Psychological facts about your consumers + advanced pricing page tips + real SaaS examples = your SaaS pricing page is ready to close!
Let’s assume your SaaS pricing page is the final food you want to prepare and you have to use the right ingredients in the right way. Design, pricing strategy, the order of pricing plans and other elements are your ingredients. You can combine powerful design solutions and persuasive title with buyer persona-focused plans and don’t be surprised, your pricing page is all set to close more customers. So keep reading to discover how you can prepare the most “appetizing” SaaS pricing page.
Before we start, we want to mention that some SaaS companies offer Contact us option instead of introducing separate plans. For example, look at LeanLinking who provides tools for procurement and supplier management. You can write your message, contact them and get a quote that is designed considering your exact goals. Or when you visit DataHen’s website (web scraping services), you fill in a form, tell what kind of data you need and get a quote.
When is it preferable to design your pricing like this? In most cases, companies don’t mention prices because it’s difficult to divide the services into separate plans and the cost totally depends on the request. If this is not the case for your company, then keep reading!
SaaS pricing plans: Where to start from and where to go?
Well, your first step is to figure out which pricing strategy or business model you will go after. In other words, what’s your value metric.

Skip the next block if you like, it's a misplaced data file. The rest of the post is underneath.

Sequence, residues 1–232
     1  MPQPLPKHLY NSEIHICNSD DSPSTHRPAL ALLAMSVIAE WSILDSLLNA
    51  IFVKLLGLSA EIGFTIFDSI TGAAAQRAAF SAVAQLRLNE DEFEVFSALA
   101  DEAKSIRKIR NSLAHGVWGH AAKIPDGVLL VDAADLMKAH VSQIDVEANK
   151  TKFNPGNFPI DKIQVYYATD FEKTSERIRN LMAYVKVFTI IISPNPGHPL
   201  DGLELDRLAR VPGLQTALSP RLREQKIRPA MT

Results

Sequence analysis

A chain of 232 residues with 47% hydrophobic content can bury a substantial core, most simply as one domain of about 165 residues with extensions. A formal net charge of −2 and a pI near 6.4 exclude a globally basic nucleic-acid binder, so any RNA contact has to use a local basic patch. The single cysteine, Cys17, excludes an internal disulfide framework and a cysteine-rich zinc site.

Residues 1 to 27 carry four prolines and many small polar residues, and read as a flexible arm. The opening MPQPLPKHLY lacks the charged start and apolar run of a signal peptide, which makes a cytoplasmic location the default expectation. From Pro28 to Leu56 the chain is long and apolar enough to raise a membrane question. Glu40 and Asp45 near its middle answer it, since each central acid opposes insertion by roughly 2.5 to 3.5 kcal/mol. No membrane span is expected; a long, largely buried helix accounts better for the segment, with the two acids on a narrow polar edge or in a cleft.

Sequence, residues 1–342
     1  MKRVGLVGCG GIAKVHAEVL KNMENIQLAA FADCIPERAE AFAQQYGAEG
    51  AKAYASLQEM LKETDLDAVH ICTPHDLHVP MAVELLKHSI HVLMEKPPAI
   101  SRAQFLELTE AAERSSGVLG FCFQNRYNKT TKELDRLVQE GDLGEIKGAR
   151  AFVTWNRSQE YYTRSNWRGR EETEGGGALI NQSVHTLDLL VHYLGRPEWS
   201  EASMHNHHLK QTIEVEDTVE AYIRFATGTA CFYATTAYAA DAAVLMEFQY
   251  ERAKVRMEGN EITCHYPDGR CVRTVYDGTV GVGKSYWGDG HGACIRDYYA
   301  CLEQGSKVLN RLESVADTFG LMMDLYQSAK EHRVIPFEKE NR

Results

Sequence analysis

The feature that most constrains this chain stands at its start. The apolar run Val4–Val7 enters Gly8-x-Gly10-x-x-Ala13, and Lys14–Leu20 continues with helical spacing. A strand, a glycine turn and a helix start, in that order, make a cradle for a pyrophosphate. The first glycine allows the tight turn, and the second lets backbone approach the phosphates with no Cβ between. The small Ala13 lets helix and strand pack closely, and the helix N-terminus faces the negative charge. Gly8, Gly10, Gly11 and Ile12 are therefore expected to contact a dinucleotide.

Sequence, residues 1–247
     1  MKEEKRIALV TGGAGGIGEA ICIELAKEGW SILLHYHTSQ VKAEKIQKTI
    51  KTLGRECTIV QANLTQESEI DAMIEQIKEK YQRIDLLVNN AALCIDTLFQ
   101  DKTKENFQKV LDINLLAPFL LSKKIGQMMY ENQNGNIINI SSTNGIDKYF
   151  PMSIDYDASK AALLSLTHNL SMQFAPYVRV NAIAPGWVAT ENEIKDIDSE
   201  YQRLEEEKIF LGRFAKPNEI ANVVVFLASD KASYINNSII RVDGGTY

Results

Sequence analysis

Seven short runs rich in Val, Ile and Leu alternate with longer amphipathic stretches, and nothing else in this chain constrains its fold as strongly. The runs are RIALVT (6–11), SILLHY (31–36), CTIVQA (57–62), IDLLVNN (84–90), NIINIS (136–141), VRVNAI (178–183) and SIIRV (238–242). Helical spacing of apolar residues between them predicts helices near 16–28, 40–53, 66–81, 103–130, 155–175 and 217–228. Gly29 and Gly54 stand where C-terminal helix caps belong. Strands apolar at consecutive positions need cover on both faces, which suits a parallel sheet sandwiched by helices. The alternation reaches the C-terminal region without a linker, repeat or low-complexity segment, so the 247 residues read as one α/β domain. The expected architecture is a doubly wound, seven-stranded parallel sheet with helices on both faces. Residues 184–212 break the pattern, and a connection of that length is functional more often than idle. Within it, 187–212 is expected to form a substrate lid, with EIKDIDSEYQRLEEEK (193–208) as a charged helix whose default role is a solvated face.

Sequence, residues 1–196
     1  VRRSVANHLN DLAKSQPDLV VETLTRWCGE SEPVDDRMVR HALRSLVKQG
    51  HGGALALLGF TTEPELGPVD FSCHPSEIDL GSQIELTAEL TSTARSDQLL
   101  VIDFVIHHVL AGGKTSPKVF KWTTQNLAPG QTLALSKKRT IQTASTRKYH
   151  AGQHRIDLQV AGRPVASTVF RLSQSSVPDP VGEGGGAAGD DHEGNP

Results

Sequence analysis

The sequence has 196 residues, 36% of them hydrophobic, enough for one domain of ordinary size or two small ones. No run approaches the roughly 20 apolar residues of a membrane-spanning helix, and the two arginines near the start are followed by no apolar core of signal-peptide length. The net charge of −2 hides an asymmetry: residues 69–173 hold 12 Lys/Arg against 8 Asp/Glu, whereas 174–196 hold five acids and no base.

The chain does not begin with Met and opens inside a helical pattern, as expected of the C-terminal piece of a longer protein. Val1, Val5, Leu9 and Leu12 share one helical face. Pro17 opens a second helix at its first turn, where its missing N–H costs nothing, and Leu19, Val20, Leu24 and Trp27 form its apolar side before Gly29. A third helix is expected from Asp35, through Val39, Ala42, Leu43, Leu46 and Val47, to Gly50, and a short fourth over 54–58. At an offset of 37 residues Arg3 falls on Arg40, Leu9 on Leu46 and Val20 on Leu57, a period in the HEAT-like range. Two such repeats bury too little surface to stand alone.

If we look from the “technical” side, you can charge monthly, annually or both ways. The third case is what SaaS companies usually do. The truth is, annual billing is what you’d like to see – reduced churn rate and projected revenue. On the other hand, customers are not always ready for a long-term commitment. Being flexible will create new tasks for your team in terms of calculations but you will attract a greater number of customers too.
When it comes to the “practical” part, here are the most popular pricing models:
1. Per-user pricing – based on how many users use your software (Jira)
2. Flat rate pricing – a single fixed price monthly no matter how many users (Basecamp)
3. Pay as you go – based on what features customers use (Amazon Cloud Server)
4. Per storage pricing – based on how much space the customer needs (Google Drive)
5. Feature-based pricing – the more features the business needs, the higher plan it should choose (QuickBooks).
Which business model your SaaS company should follow depends on what type of service or product you offer. The most common models, though, are per-user pricing and feature-based pricing.
Our next sections are dedicated to consumer perceptions and best practices of creating a high-performing pricing page. You will learn what details to consider and how to take your SaaS pricing page to a higher level.
User psychology: How prospects think and how to make them want your SaaS
Psychological elements are the spices of your page and they decide your pricing strategy. Several ingredients fall under this category, from pricing principle to offering a recommended plan. But let’s move forward step by step.
About buyer personas
Design a separate plan for each buyer persona you target. That’s the first tip we would like to give you. Your every persona has its unique needs and goals and you know them perfectly because you have done your research. Let’s see how SaaS companies follow this principle.